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Democratic candidates hit Trump's coronavirus 'hoax' claim

Joe Biden called Trump's claim that the coronavirus is the Democrats' "new hoax," "bizarre," and "absolutely dangerous."
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Democratic presidential candidates on Saturday ripped Donald Trump's claim that the coronavirus is the Democrats' "new hoax," calling the charge "dangerous" and "disturbing" — while Trump complained again they are making political hay of the outbreak.

Trump made the assertion during a rally in South Carolina Friday night, where he told the crowd Democrats have been "politicizing" the outbreak. He said he'd already endured Russia and the "impeachment hoax."

"This is their new hoax," Trump continued, before assuring rallygoers that his administration is on top of the issue.

"But you know we did something that's pretty amazing — we're 15 people in the massive country because of the fact that we went early we could have had a lot more than that. We're doing great. Our country is doing great," he said, referring to what was then the number of known cases in the United States.

Trump also touted that "so far, we have lost nobody to coronavirus in the United States. Nobody. And it doesn't mean we won't, and we are totally prepared. It doesn't mean that we won't. But think of it, you hear 35 and 40,000 people and we've lost nobody and you wonder if the press is in hysteria mode."

Shortly after his remarks, officials in California, Oregon and Washington State announced three new confirmed or presumptive cases of the coronavirus illness COVID-19.

At a press briefing Saturday, Trump said the number of known coronavirus cases in the U.S. is now at 22 — which doesn't include the nearly four dozen brought in from overseas — and that one victim, a man in his 50s from Washington, had died.

Asked about his "hoax" comments, Trump said he was referring Democrats' response to his handling of the problem, not the virus itself.

"I'm not talking about what's happening here. I'm talking what they're doing. That's the hoax. That's just a continuation of the hoax, whether it's the impeachment hoax or ‘Russia, Russia, Russia’ hoax. This is what I'm talking about. Certainly not referring to this. How could anybody refer to this? This is very serious,” Trump said.

Former Vice President Joe Biden told MSNBC earlier Saturday that Trump's rally comments were "absolutely bizarre."

"Look, this is a serious, serious problem. It's able to be solved, but it requires us to be absolutely level-headed and let the scientists have the lead in all of this," Biden said. "But for him to start talking about it being a hoax is absolutely dangerous. It's just not a decent way to act."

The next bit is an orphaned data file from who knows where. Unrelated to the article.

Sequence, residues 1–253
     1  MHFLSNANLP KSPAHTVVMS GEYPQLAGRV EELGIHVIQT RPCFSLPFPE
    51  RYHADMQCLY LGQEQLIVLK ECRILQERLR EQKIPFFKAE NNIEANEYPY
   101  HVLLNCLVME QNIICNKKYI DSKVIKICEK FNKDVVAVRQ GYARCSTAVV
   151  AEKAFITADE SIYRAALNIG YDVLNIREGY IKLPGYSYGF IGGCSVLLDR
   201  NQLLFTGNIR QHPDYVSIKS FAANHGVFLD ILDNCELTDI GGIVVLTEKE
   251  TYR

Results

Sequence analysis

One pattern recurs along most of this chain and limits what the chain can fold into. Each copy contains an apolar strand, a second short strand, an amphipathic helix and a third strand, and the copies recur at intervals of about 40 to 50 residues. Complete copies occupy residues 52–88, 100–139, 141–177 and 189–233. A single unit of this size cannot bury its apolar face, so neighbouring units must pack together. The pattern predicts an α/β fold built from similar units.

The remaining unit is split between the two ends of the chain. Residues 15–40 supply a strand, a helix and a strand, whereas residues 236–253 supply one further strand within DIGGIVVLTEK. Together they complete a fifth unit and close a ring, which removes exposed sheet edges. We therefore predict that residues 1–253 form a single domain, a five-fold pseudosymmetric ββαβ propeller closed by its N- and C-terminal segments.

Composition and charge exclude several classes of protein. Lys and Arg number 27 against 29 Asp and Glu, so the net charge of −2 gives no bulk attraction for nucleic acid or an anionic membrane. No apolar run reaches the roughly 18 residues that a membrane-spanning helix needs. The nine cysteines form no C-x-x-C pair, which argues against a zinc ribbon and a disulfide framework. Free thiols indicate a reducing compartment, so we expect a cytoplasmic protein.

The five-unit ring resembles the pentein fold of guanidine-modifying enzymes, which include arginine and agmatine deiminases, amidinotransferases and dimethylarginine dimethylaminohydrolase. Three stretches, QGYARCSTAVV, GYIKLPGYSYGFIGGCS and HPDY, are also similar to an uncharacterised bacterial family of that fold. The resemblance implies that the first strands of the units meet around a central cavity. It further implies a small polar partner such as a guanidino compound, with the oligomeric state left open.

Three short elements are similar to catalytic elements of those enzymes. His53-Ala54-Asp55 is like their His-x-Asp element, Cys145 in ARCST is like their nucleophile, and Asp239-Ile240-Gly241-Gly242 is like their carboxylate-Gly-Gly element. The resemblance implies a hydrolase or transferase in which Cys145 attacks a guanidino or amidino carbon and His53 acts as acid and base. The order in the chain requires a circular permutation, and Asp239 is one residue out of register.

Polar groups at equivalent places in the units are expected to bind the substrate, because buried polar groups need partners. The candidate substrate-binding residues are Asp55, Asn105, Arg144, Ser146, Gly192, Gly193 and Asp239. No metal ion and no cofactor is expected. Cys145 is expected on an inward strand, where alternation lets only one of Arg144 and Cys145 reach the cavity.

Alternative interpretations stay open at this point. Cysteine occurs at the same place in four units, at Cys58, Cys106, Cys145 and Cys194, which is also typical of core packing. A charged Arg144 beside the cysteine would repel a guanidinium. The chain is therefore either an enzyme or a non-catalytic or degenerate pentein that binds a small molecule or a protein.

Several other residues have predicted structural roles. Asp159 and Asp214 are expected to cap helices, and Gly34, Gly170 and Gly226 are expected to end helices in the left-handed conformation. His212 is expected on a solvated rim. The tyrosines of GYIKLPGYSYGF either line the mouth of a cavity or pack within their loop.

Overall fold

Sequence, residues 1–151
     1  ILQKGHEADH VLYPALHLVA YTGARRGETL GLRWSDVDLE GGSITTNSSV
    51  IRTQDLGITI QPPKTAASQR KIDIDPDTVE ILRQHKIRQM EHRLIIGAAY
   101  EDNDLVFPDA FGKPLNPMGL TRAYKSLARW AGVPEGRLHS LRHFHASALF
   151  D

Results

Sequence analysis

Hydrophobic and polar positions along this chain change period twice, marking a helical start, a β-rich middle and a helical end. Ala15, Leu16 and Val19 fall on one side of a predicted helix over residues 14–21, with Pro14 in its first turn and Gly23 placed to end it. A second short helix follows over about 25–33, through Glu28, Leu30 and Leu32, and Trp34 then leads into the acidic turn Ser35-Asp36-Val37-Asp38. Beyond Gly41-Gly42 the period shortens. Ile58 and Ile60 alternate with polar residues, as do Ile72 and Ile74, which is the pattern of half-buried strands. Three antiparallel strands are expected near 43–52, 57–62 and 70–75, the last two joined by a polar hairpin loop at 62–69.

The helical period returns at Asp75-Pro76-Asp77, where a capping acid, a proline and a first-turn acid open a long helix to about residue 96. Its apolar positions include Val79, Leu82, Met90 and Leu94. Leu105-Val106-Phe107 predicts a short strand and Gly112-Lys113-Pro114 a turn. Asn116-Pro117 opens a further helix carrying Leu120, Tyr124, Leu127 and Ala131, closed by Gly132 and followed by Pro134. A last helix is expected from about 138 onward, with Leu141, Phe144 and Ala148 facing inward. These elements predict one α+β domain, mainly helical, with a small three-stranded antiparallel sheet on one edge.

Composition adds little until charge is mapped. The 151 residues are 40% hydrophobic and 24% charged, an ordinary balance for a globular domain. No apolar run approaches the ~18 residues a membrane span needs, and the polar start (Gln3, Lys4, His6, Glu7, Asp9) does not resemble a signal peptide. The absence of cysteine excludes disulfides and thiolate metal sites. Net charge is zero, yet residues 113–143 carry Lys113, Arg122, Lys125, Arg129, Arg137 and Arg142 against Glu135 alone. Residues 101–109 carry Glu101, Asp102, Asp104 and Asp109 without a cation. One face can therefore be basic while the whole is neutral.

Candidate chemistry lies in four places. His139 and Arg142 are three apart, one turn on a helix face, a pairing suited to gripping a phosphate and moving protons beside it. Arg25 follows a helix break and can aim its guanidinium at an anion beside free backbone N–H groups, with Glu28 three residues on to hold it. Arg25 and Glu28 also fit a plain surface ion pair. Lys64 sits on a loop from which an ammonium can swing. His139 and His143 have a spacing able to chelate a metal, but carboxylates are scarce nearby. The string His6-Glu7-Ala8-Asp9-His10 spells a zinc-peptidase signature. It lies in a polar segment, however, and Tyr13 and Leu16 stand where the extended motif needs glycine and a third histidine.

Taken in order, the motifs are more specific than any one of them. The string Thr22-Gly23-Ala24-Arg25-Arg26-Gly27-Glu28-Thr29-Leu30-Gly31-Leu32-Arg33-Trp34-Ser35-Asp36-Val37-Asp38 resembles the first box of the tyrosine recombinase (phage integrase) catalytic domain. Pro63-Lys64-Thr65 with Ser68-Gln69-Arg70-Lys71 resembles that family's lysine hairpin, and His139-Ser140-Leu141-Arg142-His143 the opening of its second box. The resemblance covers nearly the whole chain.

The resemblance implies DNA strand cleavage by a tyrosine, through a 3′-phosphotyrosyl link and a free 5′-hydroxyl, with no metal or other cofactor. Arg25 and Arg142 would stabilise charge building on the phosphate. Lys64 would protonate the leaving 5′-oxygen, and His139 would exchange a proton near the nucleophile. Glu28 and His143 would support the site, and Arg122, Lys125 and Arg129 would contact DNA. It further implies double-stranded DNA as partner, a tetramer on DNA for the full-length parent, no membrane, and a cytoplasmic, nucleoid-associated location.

Pete Buttigieg, the former mayor of South Bend, Indiana, told the "Today" show Saturday that he's "very concerned" with how the administration has handled the issue to date.

"I was particularly disturbed to hear the word 'hoax' used by the president," he said. "Our lives depend on the wisdom and the judgment of the president at a time like this and what we should be seeing is not only a reliance on science and an insistence on moving politics away from this, but the kind of coordination that is uniquely the leadership role of the United States," both at home and abroad, he added.

Former New York City mayor Mike Bloomberg, appearing at a "Women for Mike" rally in McLean, Va., said, “The president should be putting politics aside and rallying the American people behind him he continues to divide by playing partisan politics. We just can't do this.”

Bloomberg announced in a press release that if elected president, he would invite back the estimated 1,600 "scientists who were pressured to resign or let go from the federal government under President Trump."

“The coronavirus outbreak is the latest example of the damage he is doing. He has downplayed the dangers, made claims about the virus that have no basis in science, and failed to prepare for a deadly pandemic — leaving Americans deeply unsettled," Bloomberg said.

Some Republicans have said such criticism shows the Democrats are indeed politicizing the issue.

"We should be coming together to combat the coronavirus, but the left is attacking what they fear," tweeted Sen. Marsha Blackburn, R.-Tenn. "They fear we will get the job done right."

Trump has been criticized for painting an overly rosy picture of the outbreak, often contradicting his own health officials.

Democrats have pointed to his initial funding request of $2.5 billion to respond to the outbreak — much of which would have come from programs that help the poor — as well as the Centers for Disease Control's struggles in making reliable testing kits available for the public and a whistleblower report that Health and Human Services workers were sent without proper protective gear to interact with Americans who'd been evacuated from China, as potential trouble signs.

Speaking later Saturday at the annual Conservative Political Action Committee convention in Maryland, Trump again brought up the threat posed by the coronavirus.

"It's time for all Americans to put politics aside and come together to work for the health safety and security of the American people," Trump said before criticizing "Nervous Nancy" Pelosi, the Democratic House Speaker, and "Cryin' Chuck" Schumer, the Senate Minority Leader.

Mimicking the voice of a reporter, Trump said, "How is Donald Trump doing, Nervous Nancy? 'He's doing a terrible job.'"

"Maybe it's a natural reflex," Trump added. "Sadly I'd probably say the same about them."

He then returned to his call for unity.

"This is different. We have to be careful with this stuff," he said. "We have to make it nonpartisan if we can."